6 North Carolina State University, USA University of Ottawa, Canada, 2003. **Basic** **Concepts** in Data **Reconciliation** Measurement Error CHAPTER 1. The error term in Equation ( ), e, can be divided into two General subcomponents, random error and gross error, as shown in **introduction** Figure y=x+e Two Components: Random Error, . Random Error, Gross Gross Error, Error, eess y = x + es+ . Figure : Components of measurement errors North Carolina State University, USA University of Ottawa, Canada, 2003. **Basic** **Concepts** in Data **Reconciliation** Measurement Error CHAPTER 1. Random error is caused by one or more factors that randomly General affect measurement of a variable. It follows a Gaussian **introduction** distribution.

7 Gaussian distribution Figure : Typical measurement errors as Gaussian noise North Carolina State University, USA University of Ottawa, Canada, 2003. **Basic** **Concepts** in Data **Reconciliation** Measurement Error CHAPTER 1. The Gaussian noise is normally distributed with a mean value General of zero and known variance. The probability density function **introduction** (PDF) of a measurement with Gaussian noise is described by the formula: (y- ) . 2. 1. P(y) = exp ( ). 2 2 . 2. where is the mean value of the measurements, and is the standard deviation. The important property of random error is that it adds variability to the data, but it does not affect average performance for the group. North Carolina State University, USA University of Ottawa, Canada, 2003.

8 **Basic** **Concepts** in Data **Reconciliation** Measurement Error CHAPTER 1. Gross error (as depicted in Figure ) can be caused by: General **introduction** instrument systematic bias that is consistently erroneous, either higher or lower than the true value of the process variable, probably because of instrument miscalibration measurement device failure nonrandom events affecting process, such as process leak. 8. 4. Gross error 0. -4 Measurements True -8. 0 20 40 60 80 100. Time Figure : Gross error in measurements North Carolina State University, USA University of Ottawa, Canada, 2003. **Basic** **Concepts** in Data **Reconciliation** Measurement Error CHAPTER 1. Unlike random errors, gross errors tend to be consistently General either positive or negative.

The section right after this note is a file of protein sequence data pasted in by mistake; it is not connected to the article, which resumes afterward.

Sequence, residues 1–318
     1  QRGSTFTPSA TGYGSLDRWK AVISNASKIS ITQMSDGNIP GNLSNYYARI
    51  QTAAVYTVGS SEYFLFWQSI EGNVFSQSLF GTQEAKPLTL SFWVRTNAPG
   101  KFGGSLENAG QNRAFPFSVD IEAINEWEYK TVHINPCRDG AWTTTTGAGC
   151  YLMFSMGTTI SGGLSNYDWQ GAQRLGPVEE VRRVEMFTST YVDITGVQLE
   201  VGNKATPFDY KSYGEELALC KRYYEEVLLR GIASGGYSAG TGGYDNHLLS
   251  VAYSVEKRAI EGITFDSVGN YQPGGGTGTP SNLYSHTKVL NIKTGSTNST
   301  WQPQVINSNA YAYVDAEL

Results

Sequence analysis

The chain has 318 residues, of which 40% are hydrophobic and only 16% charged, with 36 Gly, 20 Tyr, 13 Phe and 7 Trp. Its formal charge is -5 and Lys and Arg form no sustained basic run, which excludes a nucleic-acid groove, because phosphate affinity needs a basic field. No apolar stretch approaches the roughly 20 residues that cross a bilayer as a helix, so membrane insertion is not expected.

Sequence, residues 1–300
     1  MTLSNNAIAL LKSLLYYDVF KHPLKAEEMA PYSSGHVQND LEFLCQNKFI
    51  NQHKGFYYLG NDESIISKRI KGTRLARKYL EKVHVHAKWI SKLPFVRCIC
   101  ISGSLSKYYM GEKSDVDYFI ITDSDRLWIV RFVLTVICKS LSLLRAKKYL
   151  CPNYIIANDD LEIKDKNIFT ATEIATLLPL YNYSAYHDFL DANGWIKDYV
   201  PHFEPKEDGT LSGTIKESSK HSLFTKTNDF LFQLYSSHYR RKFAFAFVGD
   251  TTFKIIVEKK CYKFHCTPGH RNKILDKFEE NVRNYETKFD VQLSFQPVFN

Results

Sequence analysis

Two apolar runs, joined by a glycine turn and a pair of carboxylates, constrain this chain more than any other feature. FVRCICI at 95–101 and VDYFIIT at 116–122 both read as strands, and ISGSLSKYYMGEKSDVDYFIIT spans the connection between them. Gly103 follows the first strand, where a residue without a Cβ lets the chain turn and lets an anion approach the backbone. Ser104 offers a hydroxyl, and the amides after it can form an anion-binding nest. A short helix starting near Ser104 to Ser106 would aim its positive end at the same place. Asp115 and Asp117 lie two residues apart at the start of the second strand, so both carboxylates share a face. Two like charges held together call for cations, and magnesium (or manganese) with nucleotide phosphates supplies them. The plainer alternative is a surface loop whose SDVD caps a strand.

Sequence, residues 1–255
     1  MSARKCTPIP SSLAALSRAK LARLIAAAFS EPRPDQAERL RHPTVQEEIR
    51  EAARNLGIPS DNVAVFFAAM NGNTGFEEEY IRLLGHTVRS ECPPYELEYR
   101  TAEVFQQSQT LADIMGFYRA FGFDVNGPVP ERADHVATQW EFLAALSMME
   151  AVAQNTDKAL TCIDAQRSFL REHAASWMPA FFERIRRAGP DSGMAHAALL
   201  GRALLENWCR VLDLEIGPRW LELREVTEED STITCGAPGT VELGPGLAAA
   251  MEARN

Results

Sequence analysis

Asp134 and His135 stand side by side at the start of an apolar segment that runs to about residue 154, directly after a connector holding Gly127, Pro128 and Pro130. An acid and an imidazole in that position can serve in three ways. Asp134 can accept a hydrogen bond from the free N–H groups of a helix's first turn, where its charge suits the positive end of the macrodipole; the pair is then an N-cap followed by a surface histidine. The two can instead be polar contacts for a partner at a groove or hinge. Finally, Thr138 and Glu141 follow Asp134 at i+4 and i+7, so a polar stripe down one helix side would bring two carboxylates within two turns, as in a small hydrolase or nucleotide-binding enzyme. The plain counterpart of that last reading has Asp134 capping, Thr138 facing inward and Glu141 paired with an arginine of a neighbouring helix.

9 Because of this, it is sometimes **introduction** considered to be a bias in the measurement. Generally, measurements with gross errors will lead to severely incorrect information about the process, much more so than those with random errors. Gross error detection is an important aspect in validation of process data, and will be discussed further in Chapter 8. North Carolina State University, USA University of Ottawa, Canada, 2003. **Basic** **Concepts** in Data **Reconciliation** Measurement Error CHAPTER 1. Errors in measured data can lead to significant deterioration in General plant operation. Small random and gross errors deteriorate **introduction** the performance of control systems, whereas larger gross errors can nullify process optimization.

10 It is important to estimate the true conditions of process states with the information provided by the raw measurements, in order to achieve optimal process monitoring, control, and optimization. Estimator or Filter Measurements Estimates Data bus Data bus North Carolina State University, USA University of Ottawa, Canada, 2003. **Basic** **Concepts** in Data **Reconciliation** Data **Reconciliation** CHAPTER 1. The estimation of a process state involves the processing of General the raw data and their transformation into reliable information. **introduction** For example, Plant 1 Plant 3 Plant 4. CWS: Cooling FI FI FI FI. Water Supply CWS CWR. 1 3 5 6. CWR: Cooling FI FI. Water Return 2 4. Plant 2. Figure : A cooling-water circulation network North Carolina State University, USA University of Ottawa, Canada, 2003.